Holodiscus Discolor - Oceanspray

Holodiscus discolor - Oceanspray

Image Credit: The Wild Garden

Common name(s): Oceanspray, cream bush, California spiraea

General bloom time: May-July, bloom peaks in late June and early July 

Identification: deciduous shrub that can grow up to 7 feet tall; among the first shrubs to re-leaf in the spring

Flowers: large clusters (5 inches) of small, white, edible flowers that look similar to ocean foam; the flowers have a noticeable scent that is very sweet and agreeable from 20-30 feet away 

Habitat: partial shade and requires moist soil; often grows in areas of heavy rainfall

Ecology: Hummingbirds are attracted to the nectar. Chickadees and White crowned sparrows may forage in their branches. Pale swallowtails use this shrub as a source of nectar. Brown elfin caterpillars, as well as Spring azure and Lorquin's admiral caterpillars,  use this as a host plant.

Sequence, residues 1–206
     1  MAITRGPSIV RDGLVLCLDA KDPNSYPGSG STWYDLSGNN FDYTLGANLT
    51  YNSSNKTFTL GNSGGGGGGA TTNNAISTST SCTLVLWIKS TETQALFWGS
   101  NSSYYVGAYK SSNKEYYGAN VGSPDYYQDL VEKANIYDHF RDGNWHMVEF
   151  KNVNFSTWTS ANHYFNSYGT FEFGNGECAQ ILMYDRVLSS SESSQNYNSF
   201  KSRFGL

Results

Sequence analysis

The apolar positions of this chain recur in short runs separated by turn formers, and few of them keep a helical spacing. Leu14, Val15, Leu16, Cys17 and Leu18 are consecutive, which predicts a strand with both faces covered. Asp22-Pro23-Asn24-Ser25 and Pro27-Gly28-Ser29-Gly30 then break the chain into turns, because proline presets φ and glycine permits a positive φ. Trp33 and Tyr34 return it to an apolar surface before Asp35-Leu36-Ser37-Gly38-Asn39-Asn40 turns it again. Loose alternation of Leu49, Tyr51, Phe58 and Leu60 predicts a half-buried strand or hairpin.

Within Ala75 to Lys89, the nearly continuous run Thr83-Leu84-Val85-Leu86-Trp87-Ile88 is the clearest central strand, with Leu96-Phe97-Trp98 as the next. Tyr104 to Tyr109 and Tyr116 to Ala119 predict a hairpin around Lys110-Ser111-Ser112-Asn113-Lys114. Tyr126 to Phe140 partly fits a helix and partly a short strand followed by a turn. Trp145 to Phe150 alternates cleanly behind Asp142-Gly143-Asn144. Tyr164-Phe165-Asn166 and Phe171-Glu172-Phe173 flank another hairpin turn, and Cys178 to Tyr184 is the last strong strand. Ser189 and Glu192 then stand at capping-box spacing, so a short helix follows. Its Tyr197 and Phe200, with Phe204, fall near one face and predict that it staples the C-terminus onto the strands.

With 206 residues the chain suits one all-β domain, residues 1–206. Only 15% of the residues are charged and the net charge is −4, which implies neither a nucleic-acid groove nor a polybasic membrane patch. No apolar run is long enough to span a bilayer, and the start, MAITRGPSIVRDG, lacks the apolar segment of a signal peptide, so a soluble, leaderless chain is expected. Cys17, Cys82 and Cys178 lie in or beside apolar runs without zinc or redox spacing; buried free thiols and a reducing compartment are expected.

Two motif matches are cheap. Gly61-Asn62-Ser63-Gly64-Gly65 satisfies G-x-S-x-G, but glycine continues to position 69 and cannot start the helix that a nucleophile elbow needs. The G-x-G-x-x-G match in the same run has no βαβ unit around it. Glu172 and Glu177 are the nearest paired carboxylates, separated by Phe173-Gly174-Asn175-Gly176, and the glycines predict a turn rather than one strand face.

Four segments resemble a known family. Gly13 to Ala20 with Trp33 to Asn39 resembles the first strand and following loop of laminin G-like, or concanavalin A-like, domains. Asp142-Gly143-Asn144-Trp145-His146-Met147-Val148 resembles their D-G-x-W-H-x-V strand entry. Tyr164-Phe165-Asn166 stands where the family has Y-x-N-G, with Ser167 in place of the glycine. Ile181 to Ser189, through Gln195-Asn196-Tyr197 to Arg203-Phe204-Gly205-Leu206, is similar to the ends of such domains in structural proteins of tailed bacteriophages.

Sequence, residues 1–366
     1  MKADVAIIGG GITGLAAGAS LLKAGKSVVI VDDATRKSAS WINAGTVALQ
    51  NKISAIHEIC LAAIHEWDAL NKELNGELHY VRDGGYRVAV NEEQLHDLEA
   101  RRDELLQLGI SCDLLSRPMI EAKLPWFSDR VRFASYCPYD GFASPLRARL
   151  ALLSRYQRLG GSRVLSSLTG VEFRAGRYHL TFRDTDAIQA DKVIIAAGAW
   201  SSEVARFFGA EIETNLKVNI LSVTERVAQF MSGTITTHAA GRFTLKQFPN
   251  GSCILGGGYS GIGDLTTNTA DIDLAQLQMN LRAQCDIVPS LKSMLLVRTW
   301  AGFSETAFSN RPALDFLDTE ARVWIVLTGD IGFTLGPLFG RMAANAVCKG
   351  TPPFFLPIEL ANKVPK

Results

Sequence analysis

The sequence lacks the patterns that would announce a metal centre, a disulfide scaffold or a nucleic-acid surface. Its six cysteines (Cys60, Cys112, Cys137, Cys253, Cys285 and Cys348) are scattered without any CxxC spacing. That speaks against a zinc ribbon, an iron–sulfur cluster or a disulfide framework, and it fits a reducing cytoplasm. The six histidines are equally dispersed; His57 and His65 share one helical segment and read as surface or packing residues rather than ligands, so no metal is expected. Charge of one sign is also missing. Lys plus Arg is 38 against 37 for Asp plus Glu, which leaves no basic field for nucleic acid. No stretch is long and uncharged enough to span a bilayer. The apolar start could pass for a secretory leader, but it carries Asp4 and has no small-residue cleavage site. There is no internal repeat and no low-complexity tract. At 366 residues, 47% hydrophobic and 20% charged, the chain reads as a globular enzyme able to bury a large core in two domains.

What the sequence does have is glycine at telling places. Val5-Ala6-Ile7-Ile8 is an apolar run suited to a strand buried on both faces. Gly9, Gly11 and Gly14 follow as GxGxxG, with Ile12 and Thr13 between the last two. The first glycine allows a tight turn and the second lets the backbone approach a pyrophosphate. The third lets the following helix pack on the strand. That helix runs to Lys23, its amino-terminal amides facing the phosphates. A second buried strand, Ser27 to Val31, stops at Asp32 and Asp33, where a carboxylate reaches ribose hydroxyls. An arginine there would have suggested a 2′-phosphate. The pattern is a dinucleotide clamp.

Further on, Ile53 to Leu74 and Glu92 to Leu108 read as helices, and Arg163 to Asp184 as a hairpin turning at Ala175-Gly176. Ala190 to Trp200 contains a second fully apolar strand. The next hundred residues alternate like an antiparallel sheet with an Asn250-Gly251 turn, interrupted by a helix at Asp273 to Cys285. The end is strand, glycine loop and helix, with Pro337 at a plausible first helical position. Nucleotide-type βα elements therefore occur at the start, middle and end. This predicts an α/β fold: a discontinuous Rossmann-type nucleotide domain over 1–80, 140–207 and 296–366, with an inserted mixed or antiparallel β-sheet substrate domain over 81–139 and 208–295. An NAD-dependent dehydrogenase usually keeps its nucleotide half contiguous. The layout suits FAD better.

Image Credit: The Wild Garden

Fun Facts:

-      Often used in place of baby’s breadth in bouquets

-      Used by first peoples to make arrows and small tools

-      Medicinal uses: blood purifier, ophthalmic, poultice and tonic

-      Often used to attract native butterflies